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Fook K. Chua; Previewing inoculates against attentional capture. Journal of Vision 2009;9(8):106. doi: https://doi.org/10.1167/9.8.106.
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© ARVO (1962-2015); The Authors (2016-present)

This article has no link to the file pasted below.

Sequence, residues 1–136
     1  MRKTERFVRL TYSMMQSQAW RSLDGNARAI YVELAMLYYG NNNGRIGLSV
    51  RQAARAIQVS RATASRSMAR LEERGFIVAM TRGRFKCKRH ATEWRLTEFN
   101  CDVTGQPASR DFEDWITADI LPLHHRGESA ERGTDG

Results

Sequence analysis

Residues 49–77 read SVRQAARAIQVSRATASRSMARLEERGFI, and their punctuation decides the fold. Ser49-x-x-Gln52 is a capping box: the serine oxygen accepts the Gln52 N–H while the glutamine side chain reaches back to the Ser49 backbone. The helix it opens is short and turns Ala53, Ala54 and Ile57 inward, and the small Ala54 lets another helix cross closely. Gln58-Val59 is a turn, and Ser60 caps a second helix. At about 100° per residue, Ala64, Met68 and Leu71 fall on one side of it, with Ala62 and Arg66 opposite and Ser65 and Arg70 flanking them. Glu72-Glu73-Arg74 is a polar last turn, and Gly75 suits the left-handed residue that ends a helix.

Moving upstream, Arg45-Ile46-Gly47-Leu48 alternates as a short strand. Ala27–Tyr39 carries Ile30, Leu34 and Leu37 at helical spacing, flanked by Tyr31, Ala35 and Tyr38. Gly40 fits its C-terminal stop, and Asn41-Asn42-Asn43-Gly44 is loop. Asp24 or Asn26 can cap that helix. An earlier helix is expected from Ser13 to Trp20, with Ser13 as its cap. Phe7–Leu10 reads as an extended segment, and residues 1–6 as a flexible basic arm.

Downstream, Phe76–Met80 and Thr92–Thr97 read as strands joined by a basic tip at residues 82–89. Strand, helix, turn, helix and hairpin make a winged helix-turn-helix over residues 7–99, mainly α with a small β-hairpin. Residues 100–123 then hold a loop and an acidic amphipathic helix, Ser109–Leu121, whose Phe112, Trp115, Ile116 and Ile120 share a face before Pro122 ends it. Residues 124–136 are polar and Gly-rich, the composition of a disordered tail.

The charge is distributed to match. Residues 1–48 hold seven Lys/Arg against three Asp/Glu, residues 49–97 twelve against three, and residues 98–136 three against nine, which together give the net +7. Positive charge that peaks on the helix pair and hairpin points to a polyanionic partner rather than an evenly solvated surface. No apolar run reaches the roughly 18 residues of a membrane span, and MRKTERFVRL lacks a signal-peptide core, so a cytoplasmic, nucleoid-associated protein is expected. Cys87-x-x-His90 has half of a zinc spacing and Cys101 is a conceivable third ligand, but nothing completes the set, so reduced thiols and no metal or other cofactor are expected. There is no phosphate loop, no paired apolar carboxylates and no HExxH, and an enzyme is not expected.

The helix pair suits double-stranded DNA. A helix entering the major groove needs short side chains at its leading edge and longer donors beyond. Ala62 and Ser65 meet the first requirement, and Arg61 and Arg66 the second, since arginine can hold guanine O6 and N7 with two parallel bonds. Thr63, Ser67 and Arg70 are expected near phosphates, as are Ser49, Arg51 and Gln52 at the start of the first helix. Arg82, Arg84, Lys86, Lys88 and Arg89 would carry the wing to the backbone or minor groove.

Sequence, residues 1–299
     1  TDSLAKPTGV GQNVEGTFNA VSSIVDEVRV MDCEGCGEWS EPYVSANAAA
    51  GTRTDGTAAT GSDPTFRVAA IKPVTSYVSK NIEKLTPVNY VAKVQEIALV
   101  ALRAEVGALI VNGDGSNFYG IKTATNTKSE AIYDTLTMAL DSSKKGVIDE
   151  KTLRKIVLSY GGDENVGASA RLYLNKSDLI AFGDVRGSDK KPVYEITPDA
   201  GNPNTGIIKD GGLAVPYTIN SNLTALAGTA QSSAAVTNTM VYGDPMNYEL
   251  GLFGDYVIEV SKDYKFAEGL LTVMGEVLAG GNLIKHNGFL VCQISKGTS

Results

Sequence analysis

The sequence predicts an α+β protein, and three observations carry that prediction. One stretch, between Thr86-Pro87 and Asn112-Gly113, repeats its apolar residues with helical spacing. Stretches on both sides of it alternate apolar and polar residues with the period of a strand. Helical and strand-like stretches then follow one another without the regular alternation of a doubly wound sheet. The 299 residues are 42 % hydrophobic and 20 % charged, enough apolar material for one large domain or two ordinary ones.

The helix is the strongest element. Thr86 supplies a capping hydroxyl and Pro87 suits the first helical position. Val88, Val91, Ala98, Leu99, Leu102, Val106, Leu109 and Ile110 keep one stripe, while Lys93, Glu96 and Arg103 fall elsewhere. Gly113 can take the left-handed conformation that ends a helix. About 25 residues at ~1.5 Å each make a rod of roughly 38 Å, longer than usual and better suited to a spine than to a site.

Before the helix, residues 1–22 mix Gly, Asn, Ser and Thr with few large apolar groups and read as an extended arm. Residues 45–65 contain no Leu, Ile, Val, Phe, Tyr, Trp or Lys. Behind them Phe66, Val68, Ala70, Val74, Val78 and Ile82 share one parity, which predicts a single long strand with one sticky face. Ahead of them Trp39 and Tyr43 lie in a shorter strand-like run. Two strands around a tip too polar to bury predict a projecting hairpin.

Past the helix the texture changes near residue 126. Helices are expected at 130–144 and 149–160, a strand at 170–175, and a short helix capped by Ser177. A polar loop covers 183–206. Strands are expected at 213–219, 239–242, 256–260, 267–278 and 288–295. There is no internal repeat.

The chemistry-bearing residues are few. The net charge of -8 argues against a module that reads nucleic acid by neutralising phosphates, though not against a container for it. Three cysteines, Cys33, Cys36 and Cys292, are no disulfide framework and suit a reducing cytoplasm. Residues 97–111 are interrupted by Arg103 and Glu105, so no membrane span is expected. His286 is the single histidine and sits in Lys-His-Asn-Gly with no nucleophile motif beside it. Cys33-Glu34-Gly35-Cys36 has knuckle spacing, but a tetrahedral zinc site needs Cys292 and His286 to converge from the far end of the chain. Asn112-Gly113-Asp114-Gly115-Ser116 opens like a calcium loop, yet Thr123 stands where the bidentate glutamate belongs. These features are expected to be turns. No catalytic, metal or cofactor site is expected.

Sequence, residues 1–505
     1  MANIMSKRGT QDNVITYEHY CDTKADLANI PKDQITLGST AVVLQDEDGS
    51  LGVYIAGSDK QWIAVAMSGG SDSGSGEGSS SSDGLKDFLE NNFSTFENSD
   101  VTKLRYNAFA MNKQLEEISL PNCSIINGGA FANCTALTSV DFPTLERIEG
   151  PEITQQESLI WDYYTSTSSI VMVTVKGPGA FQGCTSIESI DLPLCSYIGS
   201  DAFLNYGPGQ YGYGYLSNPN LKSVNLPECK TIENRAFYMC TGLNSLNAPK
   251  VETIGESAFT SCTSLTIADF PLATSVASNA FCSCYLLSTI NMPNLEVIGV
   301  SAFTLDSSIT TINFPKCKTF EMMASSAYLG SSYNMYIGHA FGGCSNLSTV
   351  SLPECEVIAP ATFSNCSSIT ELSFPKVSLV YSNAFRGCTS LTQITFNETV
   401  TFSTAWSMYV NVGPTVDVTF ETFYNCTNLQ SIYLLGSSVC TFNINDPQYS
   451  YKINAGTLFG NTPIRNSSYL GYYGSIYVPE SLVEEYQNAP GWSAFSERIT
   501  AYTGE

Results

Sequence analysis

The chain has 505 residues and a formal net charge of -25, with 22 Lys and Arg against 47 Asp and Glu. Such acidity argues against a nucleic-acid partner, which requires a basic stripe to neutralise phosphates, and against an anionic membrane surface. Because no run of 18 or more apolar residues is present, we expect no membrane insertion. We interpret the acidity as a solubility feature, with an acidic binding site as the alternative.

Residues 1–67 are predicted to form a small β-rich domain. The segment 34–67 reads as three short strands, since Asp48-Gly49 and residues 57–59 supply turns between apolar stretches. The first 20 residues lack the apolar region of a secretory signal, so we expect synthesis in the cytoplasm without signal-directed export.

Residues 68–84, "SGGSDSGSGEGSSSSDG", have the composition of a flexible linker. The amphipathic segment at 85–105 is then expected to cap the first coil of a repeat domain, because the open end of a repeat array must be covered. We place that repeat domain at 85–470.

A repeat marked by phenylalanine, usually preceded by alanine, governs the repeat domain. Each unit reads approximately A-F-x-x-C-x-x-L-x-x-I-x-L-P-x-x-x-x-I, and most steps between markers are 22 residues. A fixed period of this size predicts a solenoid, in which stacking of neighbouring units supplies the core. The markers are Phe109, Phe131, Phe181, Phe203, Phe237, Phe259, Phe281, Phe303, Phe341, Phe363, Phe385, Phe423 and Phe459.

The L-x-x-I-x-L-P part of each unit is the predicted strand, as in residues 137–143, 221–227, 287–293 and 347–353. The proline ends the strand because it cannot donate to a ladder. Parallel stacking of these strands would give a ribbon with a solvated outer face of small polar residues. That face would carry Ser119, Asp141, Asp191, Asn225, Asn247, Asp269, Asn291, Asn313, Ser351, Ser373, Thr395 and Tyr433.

The objective of this study is to discover what endows an object, appearing as an abrupt onset, with the capacity to capture attention. We examined the situation in which attention had already been prioritized to a target location when the abrupt onset, which always materialized in a distructor location, appeared. Neo and Chua (2006) showed that so long as the onset object was presented infrequently, attention that had been prioritized could still be captured by the onset. In this study, the following experimental logic was used: we preview the object that would later appear as an onset. The question was whether the preview would modulate the capacity of an abrupt onset in capturing attention. To discover just which aspects of the onset was critical, we previewed different aspects of the critical stimulus in separate experiments. To the extent that a feature is critical in attentional capture, previewing that feature should impair attentional capture. In Experiment 1, the critical stimulus (both its form [four spots] and mode of appearance [an abrupt onset]) was previewed. Capture was eliminated, which implied that the preview logic worked. In Experiment 2, we previewed only the form of the critical stimulus but not its mode of appearance. In Experiment 3, the critical stimulus's mode of appearance was previewed (essentially, the local luminance transients that accompany the onset). The critical stimulus in both experiments failed to capture attention, suggesting that both the form and the mode of appearance of the critical stimulus had to be previewed before its attention-capturing capacity would be undercut.
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